John field notes 3e: Earthly things

After the birth & the wind:

Nicodemus answered “How can such things be?”

Jesus answered “You’re the teacher of Israel and you don’t know these things? Amen amen I tell you what we know we tell and what we’ve seen we witness to.  You don’t accept our witness. If I tell you earthly things and you don’t trust, how will you trust if I tell you heavenly things? (John 3:9 – 12, Reynolds Price’s Three Gospels)

What are the earthly things?  Maybe:

John’s implied and extended metaphors act as the Synoptic Gospels’ parables.  Jesus’s “If I tell you earthly things” is the synoptic gospels’ “The disciples came to him and asked, ‘Why do you speak to them in parables?’ He replied, ‘To you it has been granted to know the secrets of the kingdom of Heaven, but not to them.'” (Matthew 13:10 – 11, REB)

Maybe:

The earthly things / heavenly things dichotomy is John’s version of Luke’s least / much, unrighteous mammon / true riches, another man’s / own:

“Anyone who can be trusted in small matters can be trusted also in great; and anyone who is dishonest in small matters is dishonest also in great.  If, then, you have not proved trustworthy with the wealth of this world, who will trust you with the wealth that is real?  And if you have proved untrustworthy with what belongs to another, who will give you anything of your own?” (Luke 16:10 – 12, REB)

Maybe:

John doesn’t see itself as a “polyphony of private settings and unclear referents playing above a plainchant of trial-court language (testimony and witnesses),” as I describe it in field note 2d.  Instead, private settings, unclear referents, and, now, implied and extended metaphors are the testimony — the earthly means by which Jesus testifies. (So, like, if that’s earthly, what’s heavenly?)

Maybe:

We Westerners need a book like John, which doesn’t give things away too easily.  Reading the synoptic gospels, I tend to shuck the parables like shellfish and tread the pearls Jesus later offers to his disciples alone. I rend rather than render the text.

But John makes me sweat.

[I’m reading John’s gospel. My reactions here vacillate between notes — a list of impressions — and something less sketchy. A note on nomenclature: the note number in my post’s title indicates the chapter of John’s material I’m reacting to. A title’s letter, though, differentiates the post from earlier posts about that chapter. “John field note 2c,” then, is my third post about something in John’s second chapter. N.B.: 12a may precede 3d: I skip around.]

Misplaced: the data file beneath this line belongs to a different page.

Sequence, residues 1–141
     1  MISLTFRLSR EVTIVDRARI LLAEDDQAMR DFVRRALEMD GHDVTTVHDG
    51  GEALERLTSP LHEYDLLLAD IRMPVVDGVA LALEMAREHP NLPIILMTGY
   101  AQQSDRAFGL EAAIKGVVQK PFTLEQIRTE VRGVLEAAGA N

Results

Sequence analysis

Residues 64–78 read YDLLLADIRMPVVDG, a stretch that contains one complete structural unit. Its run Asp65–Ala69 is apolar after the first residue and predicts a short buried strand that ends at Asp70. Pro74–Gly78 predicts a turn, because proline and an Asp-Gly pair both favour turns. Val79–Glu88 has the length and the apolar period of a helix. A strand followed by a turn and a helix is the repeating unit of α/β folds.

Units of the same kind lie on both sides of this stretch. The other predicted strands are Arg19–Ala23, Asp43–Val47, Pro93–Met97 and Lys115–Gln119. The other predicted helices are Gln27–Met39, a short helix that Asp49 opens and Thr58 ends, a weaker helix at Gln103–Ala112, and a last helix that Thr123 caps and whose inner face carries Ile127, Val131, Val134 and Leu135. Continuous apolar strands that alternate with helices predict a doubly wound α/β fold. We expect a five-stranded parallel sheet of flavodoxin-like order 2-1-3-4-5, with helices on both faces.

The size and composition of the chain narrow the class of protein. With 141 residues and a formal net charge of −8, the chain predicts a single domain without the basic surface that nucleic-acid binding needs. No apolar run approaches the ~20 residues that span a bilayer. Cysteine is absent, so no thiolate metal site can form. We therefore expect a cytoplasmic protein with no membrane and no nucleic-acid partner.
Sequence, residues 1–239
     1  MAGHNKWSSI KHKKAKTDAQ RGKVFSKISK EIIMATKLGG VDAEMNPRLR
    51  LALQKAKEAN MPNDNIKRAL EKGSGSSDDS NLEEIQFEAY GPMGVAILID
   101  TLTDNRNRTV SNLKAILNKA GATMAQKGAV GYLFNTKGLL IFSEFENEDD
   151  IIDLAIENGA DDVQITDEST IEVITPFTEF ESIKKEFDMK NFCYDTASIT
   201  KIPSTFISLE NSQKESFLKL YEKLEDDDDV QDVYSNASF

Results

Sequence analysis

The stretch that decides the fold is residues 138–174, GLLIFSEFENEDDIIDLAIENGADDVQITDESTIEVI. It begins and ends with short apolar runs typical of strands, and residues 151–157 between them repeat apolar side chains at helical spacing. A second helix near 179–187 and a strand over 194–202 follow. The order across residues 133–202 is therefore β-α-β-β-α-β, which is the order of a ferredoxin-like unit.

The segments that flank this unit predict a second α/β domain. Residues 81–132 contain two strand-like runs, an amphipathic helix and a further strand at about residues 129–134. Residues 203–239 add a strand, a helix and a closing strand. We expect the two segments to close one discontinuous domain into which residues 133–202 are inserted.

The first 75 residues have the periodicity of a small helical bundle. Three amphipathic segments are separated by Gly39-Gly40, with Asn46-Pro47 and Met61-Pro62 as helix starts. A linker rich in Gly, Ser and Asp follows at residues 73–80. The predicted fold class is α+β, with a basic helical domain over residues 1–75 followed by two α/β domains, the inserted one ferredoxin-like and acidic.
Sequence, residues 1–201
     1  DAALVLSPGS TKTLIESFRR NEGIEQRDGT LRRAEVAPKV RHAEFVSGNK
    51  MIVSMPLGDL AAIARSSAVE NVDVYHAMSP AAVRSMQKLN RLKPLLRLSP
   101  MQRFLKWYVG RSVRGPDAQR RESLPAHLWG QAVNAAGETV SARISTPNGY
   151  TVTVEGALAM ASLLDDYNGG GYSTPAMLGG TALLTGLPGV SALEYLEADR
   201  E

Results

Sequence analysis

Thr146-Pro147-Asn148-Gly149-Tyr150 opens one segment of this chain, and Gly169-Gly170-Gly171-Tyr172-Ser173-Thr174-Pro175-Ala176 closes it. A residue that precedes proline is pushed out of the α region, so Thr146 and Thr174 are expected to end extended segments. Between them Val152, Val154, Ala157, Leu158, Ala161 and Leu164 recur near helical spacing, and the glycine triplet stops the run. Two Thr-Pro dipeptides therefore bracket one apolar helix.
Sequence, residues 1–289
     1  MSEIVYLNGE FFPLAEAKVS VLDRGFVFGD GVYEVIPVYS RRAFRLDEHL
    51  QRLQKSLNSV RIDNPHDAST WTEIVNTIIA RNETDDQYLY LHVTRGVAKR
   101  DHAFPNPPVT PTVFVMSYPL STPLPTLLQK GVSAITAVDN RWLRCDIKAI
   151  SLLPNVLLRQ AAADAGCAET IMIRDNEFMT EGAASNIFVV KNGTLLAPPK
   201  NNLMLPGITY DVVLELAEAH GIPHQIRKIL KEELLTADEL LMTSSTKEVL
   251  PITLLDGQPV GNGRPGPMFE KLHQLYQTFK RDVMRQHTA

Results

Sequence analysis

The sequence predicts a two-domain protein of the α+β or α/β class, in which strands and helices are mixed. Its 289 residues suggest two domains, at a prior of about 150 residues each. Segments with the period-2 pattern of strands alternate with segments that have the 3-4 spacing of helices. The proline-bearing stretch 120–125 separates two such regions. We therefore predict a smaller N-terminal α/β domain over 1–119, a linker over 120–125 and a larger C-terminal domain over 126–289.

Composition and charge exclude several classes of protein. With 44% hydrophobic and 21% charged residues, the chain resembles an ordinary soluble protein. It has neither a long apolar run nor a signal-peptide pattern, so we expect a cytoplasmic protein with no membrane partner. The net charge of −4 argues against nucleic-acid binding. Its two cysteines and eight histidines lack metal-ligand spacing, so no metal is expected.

John field notes 3d: Between prayers

There’s blindness, half-blindness, and sight:

[Elisha] offered this prayer: ‘Lord, open his eyes and let him see.’ The Lord opened the young man’s eyes, and he saw the hills covered with horses and chariots of fire all around Elisha.  As the Aramaeans came down towards him, Elisha prayed to the Lord: ‘Strike this host, I pray, with blindness’; and they were struck blind as Elisha had asked. Elisha said to them, ‘You are on the wrong road; this is not the town. Follow me and I will lead you to the man you are looking for.’ And he led them to Samaria. (1 Kings 6:17 – 19, REB)

The reader of 1Kings is in sight’s middle kingdom, an interregnum of half-light. Only through prayer do we see what Elisha sees.

We’re also in sight’s middle kingdom in John, seeing more than some and less than others.  We are the servants at the wedding, privy to the miracle (unlike the wedding’s officer) but not privy to what Mary and Jesus’ conversation points to.

John’s reader sees men as trees, walking.  Indeed, the reader exists between Jesus’ two prayers as much as between Elisha’s:

And they brought a blind man to him and begged him to touch him.

Taking the blind man’s hand he led him out of the village and spitting in his eyes and laying hands on him he questioned him “Do you see anything?”

Looking up he said “I see men that look like trees walking.”

So again he put his hands on his eyes.

Then he looked hard, was restored and saw everything clearly. (Mark 8:22 – 25, Reynolds Price, Three Gospels)

I’m heartened that Elisha’s and Jesus’ prayers are answered. It’s not the men’s influence, however, but their creativity that gets me.

[I’m reading John’s gospel. My reactions here vacillate between notes — a list of impressions — and something less sketchy. A note on nomenclature: the note number in my post’s title indicates the chapter of John’s material I’m reacting to. A title’s letter, though, differentiates the post from earlier posts about that chapter. “John field note 2c,” then, is my third post about something in John’s second chapter. N.B.: 12a may precede 3d: I skip around.]

mole

Listening to Tibetan monks or nuns chanting is in itself a lovely esthetic experience, even if you have no idea what they’re saying. The imitation of it in unmetrical, toneless English is a rather dismal, drawling drone, like schoolchildren, who have given up all hope of recess, reciting their lessons. I take inspiration from it, now, and I love the prayers, awkward, clunkily-worded translations though they are. There are even particularly gifted chanters who can make them beautiful, and sometimes you’re lucky enough to sit beside one. But it would take a very generous outsider to guess at the beauty we old hands are experiencing.

From mole.

Mulch

http://storify.com/SlowReads/mulch

This is my first attempt at using storify.com.  Its plug-in should have given Kurt attribution for the first of these two shorts.

The formatting isn’t pretty, but I like the idea of storify because it promises to make easy connections. Connections among posts are the most serendipitous thing about blogging.